If I deny the KKK the right to speak at an event, am I denying them their rights or protecting the rights of non-Whites in attendance to not be defamed or threatened?

I get your point, but it's a much more complex issue than just who has what rights. Whenever protecting someones human rights, denies others their own human rights, the lines get blurred and rightly so.



posted on Jun, 18 2018 @ 03:51 PM
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originally posted by: Blaine91555
a reply to: LesMisanthropeCan a right to deny others their rights exist as a right?

If I deny a pedophile the right to speak to children or associate with them, am I denying them their rights or protecting the rights of children?

If I deny the KKK the right to speak at an event, am I denying them their rights or protecting the rights of non-Whites in attendance to not be defamed or threatened?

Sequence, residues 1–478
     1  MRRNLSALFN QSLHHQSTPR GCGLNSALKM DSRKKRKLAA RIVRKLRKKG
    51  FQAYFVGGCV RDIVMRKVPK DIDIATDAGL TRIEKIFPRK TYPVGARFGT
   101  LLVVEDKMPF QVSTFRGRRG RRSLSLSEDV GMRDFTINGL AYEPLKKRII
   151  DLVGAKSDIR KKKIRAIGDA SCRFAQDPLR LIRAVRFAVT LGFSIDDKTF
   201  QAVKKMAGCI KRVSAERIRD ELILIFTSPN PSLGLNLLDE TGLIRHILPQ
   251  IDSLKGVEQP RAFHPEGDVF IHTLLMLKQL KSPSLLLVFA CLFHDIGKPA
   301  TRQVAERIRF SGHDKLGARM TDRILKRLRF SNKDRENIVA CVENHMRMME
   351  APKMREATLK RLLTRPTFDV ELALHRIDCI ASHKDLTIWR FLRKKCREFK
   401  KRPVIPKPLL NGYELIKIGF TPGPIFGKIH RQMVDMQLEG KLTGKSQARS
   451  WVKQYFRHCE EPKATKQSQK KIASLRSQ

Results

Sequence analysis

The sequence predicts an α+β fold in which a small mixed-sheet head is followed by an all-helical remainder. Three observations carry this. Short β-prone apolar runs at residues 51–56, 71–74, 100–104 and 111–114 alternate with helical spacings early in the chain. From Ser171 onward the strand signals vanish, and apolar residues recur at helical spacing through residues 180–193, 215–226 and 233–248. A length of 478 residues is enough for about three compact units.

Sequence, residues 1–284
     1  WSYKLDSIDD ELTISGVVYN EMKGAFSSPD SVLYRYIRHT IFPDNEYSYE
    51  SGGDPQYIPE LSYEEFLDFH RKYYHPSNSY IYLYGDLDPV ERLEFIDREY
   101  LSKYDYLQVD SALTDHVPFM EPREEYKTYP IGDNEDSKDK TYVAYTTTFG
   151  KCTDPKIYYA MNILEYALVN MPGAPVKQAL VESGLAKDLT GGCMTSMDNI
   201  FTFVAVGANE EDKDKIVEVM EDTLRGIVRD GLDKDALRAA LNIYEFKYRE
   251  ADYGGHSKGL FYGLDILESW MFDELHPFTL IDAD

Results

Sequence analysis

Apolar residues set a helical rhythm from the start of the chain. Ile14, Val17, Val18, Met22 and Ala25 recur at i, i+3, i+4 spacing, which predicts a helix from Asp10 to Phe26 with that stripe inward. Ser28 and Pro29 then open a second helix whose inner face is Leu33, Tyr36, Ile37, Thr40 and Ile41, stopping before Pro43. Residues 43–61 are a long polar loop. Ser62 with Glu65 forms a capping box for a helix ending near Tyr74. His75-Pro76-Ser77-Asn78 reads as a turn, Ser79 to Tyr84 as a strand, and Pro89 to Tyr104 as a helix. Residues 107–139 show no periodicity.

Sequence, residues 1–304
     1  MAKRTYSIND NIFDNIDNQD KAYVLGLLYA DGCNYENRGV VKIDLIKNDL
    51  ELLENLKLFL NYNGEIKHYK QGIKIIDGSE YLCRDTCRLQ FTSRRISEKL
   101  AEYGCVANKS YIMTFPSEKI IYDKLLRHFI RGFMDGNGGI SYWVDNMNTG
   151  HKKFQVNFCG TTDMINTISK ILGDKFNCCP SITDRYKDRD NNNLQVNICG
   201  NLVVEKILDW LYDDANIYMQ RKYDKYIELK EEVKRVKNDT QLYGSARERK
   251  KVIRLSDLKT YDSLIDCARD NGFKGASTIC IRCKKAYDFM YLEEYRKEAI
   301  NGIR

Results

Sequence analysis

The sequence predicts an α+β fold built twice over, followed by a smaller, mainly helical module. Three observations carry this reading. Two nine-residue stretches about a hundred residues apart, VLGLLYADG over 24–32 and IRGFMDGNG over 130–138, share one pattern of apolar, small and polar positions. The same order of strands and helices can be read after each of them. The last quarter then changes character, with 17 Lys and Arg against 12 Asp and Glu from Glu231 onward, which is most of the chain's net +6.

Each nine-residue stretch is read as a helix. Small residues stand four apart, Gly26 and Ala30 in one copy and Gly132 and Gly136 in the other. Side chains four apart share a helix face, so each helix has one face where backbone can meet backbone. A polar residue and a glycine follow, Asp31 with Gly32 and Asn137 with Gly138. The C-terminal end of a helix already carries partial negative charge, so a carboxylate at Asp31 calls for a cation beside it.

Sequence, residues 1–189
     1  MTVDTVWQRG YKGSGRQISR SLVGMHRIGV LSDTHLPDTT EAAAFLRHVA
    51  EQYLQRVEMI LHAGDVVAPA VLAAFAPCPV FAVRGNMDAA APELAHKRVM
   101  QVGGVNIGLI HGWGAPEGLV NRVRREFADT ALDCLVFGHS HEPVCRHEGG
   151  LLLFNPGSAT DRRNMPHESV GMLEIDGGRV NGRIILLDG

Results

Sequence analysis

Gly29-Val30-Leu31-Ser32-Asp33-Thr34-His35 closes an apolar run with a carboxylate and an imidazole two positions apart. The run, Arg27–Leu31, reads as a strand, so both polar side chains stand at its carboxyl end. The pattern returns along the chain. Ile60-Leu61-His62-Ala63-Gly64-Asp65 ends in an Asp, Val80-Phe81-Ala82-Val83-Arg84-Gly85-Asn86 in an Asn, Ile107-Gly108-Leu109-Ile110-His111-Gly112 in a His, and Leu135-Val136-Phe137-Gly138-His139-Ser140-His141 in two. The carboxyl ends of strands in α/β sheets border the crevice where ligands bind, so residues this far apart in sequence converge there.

I get your point, but it's a much more complex issue than just who has what rights. Whenever protecting someones human rights, denies others their own human rights, the lines get blurred and rightly so.



So long as they aren't infringing on the rights of others, you would be denying their rights, yes.



posted on Jun, 18 2018 @ 03:58 PM
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By correcting the misconception of what Trump calls fake news, I have been accused of being guilty by association, spreading disinformation and fake news here and elsewhere.

So yeah it happens a lot, deliberately or not.



posted on Jun, 18 2018 @ 04:01 PM
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a reply to: LesMisanthrope

Too simple an answer and I think you likely get what I meant.

Rights need to be tempered with common sense, not just taken as carte blanche to allow anything and everything.

Are you saying in fact that you put zero limits on speech, no matter the speaker or the intended audience or target of the speech?